# Day 11, N queens and bit shifting

Today is crazy and most people agreed that this is one of the hardest sprint so far. Marcus made a deliberate point that the N queens sprint tends to divide people into two groups. As a matter of fact, I can provide anecdotes. At least one person said “this is one of the most awesome sprints” and at least one person said the other way.

Zak and I were average in this sprint. We made solid progresses and finished all basic requirements plus some extra credits. The road map of optimization is : using all the helper functions provided -> using HashTables -> using bit shifting. We got the HashTable version up and  running, and I was disappointed that the speed boost wasn’t as big as I expected. Zak spent tons of time on bit shifting but we didn’t have to time to implement it.

Anyway, an exhausting two days. The most difficult concept for me is to recursively traverse all possible arrangements on the board. Recursive traversing is such a hard concept in general that I still need sometime to really get it.

Now I know at least two solutions to traverse. One is to toggle on the location before going to the next row and toggle off  when finished. The other is to pass two parameters, namely a prefix and a bag. I got the toggle version working. I got the prefix and bag solution to work on traversing a tony matrix, so the solution is close.

Other lessons:

– There are 3 ways to solve the 1to5 to 1to7 problem. First one is the one I used, throwing dice seven times; second one is using a 5 by 5 matrix, basically only throwing dice twice; third one is using bit shifting. Not 100% sure about the other two ways.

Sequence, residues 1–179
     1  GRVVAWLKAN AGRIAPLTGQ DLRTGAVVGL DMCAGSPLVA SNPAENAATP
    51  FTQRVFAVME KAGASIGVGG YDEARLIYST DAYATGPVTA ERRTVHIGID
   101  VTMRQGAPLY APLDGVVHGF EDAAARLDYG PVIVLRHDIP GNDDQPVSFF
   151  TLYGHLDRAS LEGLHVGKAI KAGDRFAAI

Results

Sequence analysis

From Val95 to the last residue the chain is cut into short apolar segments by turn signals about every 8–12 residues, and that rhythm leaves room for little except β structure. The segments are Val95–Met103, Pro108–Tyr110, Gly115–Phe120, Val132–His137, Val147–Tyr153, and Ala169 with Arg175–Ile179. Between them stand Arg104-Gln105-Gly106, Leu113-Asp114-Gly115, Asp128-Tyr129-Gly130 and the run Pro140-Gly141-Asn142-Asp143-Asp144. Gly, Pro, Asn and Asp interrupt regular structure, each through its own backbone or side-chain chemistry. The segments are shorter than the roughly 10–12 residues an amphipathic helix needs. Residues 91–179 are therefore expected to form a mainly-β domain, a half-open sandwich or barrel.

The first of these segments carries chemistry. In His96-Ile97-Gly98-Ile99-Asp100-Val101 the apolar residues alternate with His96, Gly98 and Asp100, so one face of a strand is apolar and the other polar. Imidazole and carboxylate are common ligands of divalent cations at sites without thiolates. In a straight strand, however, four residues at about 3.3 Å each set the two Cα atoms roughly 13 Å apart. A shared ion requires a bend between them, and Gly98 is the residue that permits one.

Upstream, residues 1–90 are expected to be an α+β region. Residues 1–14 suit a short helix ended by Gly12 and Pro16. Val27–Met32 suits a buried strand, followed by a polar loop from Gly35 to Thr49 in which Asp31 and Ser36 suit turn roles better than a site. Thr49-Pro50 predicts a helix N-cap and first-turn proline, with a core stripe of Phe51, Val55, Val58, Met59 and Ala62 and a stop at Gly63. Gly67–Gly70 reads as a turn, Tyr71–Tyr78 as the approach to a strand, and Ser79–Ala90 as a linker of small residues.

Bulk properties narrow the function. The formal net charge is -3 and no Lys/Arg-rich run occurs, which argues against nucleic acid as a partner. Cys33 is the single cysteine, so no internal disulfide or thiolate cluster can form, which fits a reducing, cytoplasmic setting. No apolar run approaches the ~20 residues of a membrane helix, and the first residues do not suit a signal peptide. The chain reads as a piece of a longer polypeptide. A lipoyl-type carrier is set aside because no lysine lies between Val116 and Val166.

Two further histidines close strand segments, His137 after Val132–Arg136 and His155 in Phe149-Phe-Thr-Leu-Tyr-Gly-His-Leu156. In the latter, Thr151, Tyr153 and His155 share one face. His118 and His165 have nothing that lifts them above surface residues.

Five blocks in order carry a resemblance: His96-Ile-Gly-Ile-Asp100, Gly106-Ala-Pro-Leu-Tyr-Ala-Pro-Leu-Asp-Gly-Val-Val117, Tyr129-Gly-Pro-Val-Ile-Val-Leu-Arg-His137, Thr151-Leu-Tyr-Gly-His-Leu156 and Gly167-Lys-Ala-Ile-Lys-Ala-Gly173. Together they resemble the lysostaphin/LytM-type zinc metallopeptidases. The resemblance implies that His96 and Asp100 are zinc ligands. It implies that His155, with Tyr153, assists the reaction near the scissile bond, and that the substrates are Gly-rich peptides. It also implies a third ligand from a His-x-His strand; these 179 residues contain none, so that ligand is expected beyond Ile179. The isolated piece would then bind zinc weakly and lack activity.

– Also learned about “grep – R ‘searchterm’ * “; ENV_VAR = 1, then echo \$ENV_VAR. I keep forgetting about the \$prefix…

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# Day 10, N queens

Today, we started working on N queens problem. I don’t even know the rules of rooks or queens, so when I was asked to answer a question from Marcus, I totally bluffed.

Our toy problem is an interesting one. In short, you are supposed to use Math.random to write a random1to5 function that returns a random integer of 1 to 5. Then, you are supposed to use random1to5 to write a random1to7 function that returns a random integer of 1 to 7. My initial thought was fairly naive because I forgot about the integer requirement. I scaled the number space between 1 to 5 to the number space between 1 to 7. That was easy, I thought. When I started writing the test, I realized I answered the wrong question. The real question is similar to: given a dice, how to generate a random integer between 1 and 7. My short answer is that you just need to throw the dice 7 times.

We also learned about jQuery. It is ridiculous that I have been using jQuery without understanding the difference between the jQuery collection object and the DOM objects.

What is jQuery?

The short answer is jQuery is a function that produces jQuery collection object.

What is a jQuery collection object?

– It is an array-like container.

– It contains zero or more DOM nodes.

– It also contains tons of jQuery methods, which are functions that attach to the jQuery collection object and allows easy interaction with the wrapped DOM nodes.

– \$node[index] will return a DOM node WITHOUT any jQuery methods.

Three ways to generate a jQuery object:

1. jQuery(‘<p>dd</p>’);

2. jQuery(‘.name’);

4. Note: jQuery collections don’t update dynamically. (I miss you, Meteor)

What can jQuery methods do?

– CRUD + more. Create; read such as \$node.parent(), \$node.each(callback); update such as \$node.animate(), \$node.on(‘click’, callback), \$node.appendTo(target); delete;

Other lessons:

– Elements panel in Chrome is the actual DOM object represented in HTML. That is why they are perfectly indented.

– Any object has a splice() method will be treated by Chrome console as an array like object.

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